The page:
I can't see it. The benefits of the subtle color on moon and planets can't be bested by reflective light.

#67 Scott in NC

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Posted 10 September 2016 - 04:36 PM

A large dob need to be stopped down for decent moon? I know it has to be for planets.

I can't see it. The benefits of the subtle color on moon and planets can't be bested by reflective light.

 

Uh...did you by any chance post this in the wrong thread? :scratchhead:



#68 Scott in NC

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Posted 10 September 2016 - 04:38 PM

Scott
I hope to see your refractor next month. I'm offering the bottomless coffee as a bribe.
 

...but I might sell a refractor to make way for the new one.

 

Sorry, but I just threw out this statement as an illustration of what typically happens for me.  I don't have any new scopes (well, except for a tiny vintage Tasco that arrived today, but I bought that not for the scope, but for some of the included accessories). 



#69 The Ardent

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Posted 10 September 2016 - 04:45 PM

Let me clarify. Whatever refractor you happen to have with you at the time, I'd like to take a Look thru it.
 

Scott
I hope to see your refractor next month. I'm offering the bottomless coffee as a bribe.
 

...but I might sell a refractor to make way for the new one.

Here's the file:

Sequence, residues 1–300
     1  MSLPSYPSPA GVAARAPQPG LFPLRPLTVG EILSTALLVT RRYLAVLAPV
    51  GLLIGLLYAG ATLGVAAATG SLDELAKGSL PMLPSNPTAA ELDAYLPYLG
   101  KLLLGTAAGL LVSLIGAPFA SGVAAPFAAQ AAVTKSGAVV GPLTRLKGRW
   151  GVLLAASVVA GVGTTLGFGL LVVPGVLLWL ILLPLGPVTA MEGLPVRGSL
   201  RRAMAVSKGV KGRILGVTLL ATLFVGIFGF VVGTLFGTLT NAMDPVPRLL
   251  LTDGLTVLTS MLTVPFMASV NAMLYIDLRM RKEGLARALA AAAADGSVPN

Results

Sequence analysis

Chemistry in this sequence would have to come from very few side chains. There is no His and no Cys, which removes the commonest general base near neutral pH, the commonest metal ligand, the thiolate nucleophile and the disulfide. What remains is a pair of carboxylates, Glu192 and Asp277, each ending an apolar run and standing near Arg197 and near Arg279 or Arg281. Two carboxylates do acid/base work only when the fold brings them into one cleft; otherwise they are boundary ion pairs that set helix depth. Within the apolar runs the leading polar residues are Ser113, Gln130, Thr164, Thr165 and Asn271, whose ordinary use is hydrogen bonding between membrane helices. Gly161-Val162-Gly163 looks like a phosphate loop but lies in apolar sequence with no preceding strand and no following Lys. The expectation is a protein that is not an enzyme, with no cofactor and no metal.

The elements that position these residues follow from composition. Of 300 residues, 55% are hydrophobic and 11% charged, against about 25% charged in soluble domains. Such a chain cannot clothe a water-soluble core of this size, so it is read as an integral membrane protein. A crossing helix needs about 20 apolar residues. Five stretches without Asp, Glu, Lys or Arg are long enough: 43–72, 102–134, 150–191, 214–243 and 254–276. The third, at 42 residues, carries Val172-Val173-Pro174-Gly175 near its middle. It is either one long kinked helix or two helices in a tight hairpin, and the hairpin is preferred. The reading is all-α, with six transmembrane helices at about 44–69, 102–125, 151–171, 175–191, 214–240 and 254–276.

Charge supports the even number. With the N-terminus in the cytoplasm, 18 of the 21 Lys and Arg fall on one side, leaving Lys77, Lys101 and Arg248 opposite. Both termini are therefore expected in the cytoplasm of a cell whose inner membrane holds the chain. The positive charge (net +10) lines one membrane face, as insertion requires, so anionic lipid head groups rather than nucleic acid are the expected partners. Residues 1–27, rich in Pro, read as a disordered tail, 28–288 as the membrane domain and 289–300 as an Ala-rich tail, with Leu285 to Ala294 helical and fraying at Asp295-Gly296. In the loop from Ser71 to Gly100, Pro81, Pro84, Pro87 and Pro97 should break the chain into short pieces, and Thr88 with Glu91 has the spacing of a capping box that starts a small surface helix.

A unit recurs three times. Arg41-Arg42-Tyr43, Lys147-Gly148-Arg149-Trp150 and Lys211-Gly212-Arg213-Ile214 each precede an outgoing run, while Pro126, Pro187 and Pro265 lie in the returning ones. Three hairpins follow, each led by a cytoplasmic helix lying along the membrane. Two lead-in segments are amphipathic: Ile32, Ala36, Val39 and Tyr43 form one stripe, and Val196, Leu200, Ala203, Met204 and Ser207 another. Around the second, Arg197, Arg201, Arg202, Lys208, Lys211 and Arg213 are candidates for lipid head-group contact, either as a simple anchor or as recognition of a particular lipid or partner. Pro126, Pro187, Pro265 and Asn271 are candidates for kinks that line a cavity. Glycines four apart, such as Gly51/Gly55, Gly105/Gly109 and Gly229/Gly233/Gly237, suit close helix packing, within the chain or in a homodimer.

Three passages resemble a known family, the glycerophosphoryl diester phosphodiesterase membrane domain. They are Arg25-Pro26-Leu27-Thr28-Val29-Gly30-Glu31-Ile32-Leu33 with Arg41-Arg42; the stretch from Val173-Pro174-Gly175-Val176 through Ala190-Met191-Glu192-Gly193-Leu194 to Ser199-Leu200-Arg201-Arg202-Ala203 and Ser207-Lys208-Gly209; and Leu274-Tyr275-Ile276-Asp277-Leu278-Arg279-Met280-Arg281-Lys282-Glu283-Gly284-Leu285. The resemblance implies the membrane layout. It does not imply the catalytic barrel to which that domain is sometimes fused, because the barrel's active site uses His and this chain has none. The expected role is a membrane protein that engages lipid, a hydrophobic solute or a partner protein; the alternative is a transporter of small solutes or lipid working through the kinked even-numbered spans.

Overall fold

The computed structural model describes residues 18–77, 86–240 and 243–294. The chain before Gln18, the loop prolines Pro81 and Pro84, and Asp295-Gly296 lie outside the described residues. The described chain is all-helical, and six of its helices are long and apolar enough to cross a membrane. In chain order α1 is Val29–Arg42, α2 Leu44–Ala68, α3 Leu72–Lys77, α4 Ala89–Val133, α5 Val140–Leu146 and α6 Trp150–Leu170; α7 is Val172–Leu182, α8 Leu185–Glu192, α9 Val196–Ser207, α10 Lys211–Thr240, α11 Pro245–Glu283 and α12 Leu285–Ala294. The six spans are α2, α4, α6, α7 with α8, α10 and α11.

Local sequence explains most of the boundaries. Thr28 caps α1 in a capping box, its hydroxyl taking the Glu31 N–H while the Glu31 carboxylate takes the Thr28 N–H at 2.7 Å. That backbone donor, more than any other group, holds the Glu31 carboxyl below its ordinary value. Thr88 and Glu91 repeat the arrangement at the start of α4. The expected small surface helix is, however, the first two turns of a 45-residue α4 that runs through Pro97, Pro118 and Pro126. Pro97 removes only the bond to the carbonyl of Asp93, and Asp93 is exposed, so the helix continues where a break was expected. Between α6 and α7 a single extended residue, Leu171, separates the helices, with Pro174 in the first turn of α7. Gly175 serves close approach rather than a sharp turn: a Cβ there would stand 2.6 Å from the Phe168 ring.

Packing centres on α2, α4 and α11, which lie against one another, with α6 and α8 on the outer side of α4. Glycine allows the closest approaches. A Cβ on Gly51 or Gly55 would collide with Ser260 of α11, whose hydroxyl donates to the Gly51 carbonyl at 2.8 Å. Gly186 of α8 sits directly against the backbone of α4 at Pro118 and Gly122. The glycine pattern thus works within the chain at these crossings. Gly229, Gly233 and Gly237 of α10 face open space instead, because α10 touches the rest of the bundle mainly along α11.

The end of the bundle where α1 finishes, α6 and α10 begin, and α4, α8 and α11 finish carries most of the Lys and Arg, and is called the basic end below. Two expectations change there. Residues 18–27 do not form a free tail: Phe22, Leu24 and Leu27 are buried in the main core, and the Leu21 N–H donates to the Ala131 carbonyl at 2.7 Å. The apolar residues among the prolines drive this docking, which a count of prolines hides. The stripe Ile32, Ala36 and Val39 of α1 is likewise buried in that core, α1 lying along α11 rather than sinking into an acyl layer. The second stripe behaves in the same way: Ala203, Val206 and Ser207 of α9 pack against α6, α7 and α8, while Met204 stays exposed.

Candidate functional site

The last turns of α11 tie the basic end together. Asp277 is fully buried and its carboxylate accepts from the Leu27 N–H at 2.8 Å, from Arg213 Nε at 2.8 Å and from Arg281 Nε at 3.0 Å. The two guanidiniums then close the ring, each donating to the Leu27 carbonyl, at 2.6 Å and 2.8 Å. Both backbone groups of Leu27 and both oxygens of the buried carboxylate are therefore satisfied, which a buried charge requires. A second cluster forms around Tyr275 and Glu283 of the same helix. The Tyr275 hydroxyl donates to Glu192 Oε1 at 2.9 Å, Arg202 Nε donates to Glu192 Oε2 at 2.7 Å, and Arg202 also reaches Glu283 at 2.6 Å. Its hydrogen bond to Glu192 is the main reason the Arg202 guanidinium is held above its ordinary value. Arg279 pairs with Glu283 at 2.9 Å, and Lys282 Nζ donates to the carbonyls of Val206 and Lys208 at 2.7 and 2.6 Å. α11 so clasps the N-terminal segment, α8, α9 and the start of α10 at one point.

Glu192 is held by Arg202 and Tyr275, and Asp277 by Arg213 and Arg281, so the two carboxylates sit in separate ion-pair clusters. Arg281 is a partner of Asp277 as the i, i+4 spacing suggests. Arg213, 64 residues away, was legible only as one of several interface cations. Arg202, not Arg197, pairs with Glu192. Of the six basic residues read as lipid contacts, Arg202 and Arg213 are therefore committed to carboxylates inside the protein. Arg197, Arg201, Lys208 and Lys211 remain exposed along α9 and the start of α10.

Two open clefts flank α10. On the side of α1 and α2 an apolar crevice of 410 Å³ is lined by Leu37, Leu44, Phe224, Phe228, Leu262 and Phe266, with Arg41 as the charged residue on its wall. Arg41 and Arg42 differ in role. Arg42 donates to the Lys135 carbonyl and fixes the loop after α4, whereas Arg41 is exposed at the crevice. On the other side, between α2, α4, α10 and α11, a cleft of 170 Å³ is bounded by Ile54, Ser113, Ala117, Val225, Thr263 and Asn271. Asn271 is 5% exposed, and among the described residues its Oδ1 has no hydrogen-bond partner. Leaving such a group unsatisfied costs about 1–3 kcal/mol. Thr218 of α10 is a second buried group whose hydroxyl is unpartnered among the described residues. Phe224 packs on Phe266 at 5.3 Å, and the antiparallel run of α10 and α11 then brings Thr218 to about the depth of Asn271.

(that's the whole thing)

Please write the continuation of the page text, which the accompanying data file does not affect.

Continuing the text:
Sorry, but I just threw out this statement as an illustration of what typically happens for me.  I don't have any new scopes (well, except for a tiny vintage Tasco that arrived today, but I bought that not for the scope, but for some of the included accessories).


Edited by The Ardent, 10 September 2016 - 04:46 PM.


#70 BKBrown

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Posted 10 September 2016 - 07:39 PM

Let me clarify. Whatever refractor you happen to have with you at the time, I'd like to take a Look thru it.
 

 

Scott
I hope to see your refractor next month. I'm offering the bottomless coffee as a bribe.
 

...but I might sell a refractor to make way for the new one.

 

Sorry, but I just threw out this statement as an illustration of what typically happens for me.  I don't have any new scopes (well, except for a tiny vintage Tasco that arrived today, but I bought that not for the scope, but for some of the included accessories).